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Eyewitness- March '97 America's Civil War Feature

Originally published by America's Civil War magazine. Published Online: September 23, 1996 
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Eyewitness to War
Eyewitness to War

A letter from a young Michigan cavalryman gives a vivid–
if ungrammatical–account of Gettysburg and its aftermath.

Submitted by Nancy Ronemus

[Ed. note: In order to give the full, authentic flavor of Rice's letter, editing has been kept to a minimum. Punctuation and paragraph breaks have been added to make the letter easier to read, but Rice's highly individualistic spelling has not been changed, since part of the fun is deciphering exactly what he meant at any given time.]

Oak Grove, Virginia
August 25

Mr. Abram Wear

Dear Friend,

It was with much pleasure that I perused the contents of a leter that I received from you a short time since I had often wondered whare you ware and what you ware busing yourself about, so one evening while in camp siting around the fire talking with difer nt ones, Fransis Blanchard and me got to talking about old accuaintses in St. Clair and he said he had just received a leter from home and I requested him the next time he wrote to have his mother write whether you ware there or not so that I could write to you but it seems that you wrote yourself instead of her which I am very glad of and I hope that I may hear from you often for it affords a soldier great pleasure to hear from our friends and accuainteses.

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You requested me in your leter to give you a full history of what I had passed through since I had bin a soldier, but to give you a full detail of everything would take up a great deal of time and space. But then I will try and give you a record of the transactions as near as I can remember. It will be a year the 7 of next month since I inlisted. I inlisted in Lexington, was thare about a week and then the company came together and we all went to Grand Rapids to drill and be mustered in to the United States service.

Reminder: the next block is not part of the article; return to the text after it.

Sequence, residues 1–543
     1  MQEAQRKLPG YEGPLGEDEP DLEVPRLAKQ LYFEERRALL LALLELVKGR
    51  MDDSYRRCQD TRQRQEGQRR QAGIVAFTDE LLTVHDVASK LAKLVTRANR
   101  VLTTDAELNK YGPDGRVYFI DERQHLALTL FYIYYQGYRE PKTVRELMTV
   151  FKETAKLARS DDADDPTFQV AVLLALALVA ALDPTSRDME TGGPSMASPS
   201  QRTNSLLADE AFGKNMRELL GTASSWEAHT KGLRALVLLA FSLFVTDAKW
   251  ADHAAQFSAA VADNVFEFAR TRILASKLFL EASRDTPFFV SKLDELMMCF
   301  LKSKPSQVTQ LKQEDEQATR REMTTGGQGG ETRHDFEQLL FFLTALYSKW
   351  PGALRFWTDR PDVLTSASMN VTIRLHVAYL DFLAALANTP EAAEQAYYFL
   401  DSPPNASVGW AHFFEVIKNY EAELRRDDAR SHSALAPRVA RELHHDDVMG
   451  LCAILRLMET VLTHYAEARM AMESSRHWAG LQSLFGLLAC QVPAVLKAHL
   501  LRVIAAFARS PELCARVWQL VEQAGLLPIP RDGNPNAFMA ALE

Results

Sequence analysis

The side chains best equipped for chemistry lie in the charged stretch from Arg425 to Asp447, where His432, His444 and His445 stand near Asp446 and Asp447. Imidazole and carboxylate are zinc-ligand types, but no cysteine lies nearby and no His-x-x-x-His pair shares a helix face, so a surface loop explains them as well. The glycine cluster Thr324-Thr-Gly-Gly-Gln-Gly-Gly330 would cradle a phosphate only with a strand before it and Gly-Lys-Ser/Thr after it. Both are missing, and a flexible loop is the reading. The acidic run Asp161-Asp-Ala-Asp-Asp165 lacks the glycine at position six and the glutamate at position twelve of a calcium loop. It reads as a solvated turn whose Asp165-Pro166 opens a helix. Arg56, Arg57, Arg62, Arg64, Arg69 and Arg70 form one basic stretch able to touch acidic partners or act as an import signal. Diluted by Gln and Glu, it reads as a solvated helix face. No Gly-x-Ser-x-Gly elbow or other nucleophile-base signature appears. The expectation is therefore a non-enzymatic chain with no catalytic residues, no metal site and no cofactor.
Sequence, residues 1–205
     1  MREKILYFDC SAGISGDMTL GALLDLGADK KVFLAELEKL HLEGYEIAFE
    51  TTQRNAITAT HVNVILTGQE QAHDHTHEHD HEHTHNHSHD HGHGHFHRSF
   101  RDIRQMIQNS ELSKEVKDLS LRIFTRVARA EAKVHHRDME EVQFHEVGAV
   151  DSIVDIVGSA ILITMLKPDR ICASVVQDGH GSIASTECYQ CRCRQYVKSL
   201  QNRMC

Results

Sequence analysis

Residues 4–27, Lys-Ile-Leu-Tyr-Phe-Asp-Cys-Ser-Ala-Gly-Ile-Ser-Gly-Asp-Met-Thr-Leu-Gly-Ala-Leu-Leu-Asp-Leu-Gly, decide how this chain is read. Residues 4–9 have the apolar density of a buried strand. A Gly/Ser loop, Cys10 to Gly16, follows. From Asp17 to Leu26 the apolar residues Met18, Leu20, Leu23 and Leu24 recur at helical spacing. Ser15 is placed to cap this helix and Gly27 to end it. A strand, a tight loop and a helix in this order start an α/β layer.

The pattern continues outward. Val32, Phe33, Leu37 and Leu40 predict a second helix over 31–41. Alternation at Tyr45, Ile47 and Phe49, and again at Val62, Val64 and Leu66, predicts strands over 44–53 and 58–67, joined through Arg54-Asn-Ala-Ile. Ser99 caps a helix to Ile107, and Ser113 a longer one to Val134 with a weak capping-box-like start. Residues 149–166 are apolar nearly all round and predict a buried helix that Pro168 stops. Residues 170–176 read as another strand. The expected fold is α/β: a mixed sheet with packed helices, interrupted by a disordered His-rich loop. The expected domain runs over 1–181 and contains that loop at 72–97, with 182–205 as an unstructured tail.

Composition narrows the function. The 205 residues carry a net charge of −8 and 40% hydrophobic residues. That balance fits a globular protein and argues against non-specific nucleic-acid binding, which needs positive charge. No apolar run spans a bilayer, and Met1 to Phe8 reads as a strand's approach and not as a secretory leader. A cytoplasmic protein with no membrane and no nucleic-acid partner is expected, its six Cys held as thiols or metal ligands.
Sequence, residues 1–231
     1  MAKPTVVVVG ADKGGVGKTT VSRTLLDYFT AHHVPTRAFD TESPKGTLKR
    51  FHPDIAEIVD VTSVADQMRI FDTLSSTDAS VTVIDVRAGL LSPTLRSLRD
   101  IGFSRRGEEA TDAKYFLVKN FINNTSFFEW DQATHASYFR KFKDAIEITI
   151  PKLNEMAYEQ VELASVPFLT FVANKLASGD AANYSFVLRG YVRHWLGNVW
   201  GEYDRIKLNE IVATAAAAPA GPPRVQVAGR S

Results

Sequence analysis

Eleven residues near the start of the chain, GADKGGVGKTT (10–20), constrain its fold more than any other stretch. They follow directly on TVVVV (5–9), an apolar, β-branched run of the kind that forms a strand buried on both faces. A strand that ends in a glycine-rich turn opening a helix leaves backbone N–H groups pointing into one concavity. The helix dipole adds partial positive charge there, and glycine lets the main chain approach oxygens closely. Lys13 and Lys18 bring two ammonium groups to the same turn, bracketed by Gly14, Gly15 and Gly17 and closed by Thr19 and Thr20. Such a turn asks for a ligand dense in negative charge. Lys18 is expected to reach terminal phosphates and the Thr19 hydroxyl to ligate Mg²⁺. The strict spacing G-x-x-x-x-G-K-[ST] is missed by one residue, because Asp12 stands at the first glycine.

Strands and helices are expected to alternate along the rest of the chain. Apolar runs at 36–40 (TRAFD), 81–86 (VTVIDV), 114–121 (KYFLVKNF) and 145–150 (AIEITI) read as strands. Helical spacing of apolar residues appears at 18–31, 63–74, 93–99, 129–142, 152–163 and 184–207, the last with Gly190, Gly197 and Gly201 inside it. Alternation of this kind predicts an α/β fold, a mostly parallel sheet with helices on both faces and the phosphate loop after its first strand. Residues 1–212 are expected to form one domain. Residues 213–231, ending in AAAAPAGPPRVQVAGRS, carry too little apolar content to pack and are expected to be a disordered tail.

Well, abot the midle of Desember we started for Washington. We had a good time coming through and got thare all safe and sound. Thare we went into winter quarters about a mile from the city whare we remained until abot the midle of March. I was sick the most of the time while in Washington and was glad to get away from thare. When we left thare we came to Fairfax, abot 25 miles this side of Washington. Thare we went on raides and done picket duty until the 20 of June. Then we made a raide out to Bull Run and so on to Fredericksburg. Was gone four days and then returned and on the 25 started for Mariland and Pensilvania. We crossed the Potomac that night at 12 oclock. We forded it and I never shal forget that night either, for we had had no rest to speak of for four days and nights and after we got over the river the guide that was with us did not understand and do his business very well and we got lost and it was as dark as pich and raint like fury.

We rambed abot untill about 2 oclock in the morning when we turned in to a piece of woods and laid down until daylight. I was that sleepy that I had slept on my horse for the last two hours before we stopped, so when we stopped I piled off my horse and hiched him to a tree and took my ponshow and blanket and laid right down in the mud and slept the best that I ever did in my life. Talk about feather beds–thare nothing compared to a mud hole when a man is real tired I had often heard the soldiers tell about laying in the water where it was a foot deap but I never believed it untill I see it and then I had to believe it.

In the morning we started and travled all day and in fact we travled most of the time for a week. On the 28 day of June which was on Sunday we went in to Getisburg, but we did not stay thare long. We went out of the town a short distance to bait our horses while the scout went out to see what they could find. They soon came in with the news that thare was about 60 thousand of the Rebs about 2 miles from thare, so we just dug out as fast as possible and it was a lucky thing two for we had not bin out of the town more than an hour when all of Stewarts Calvry came in.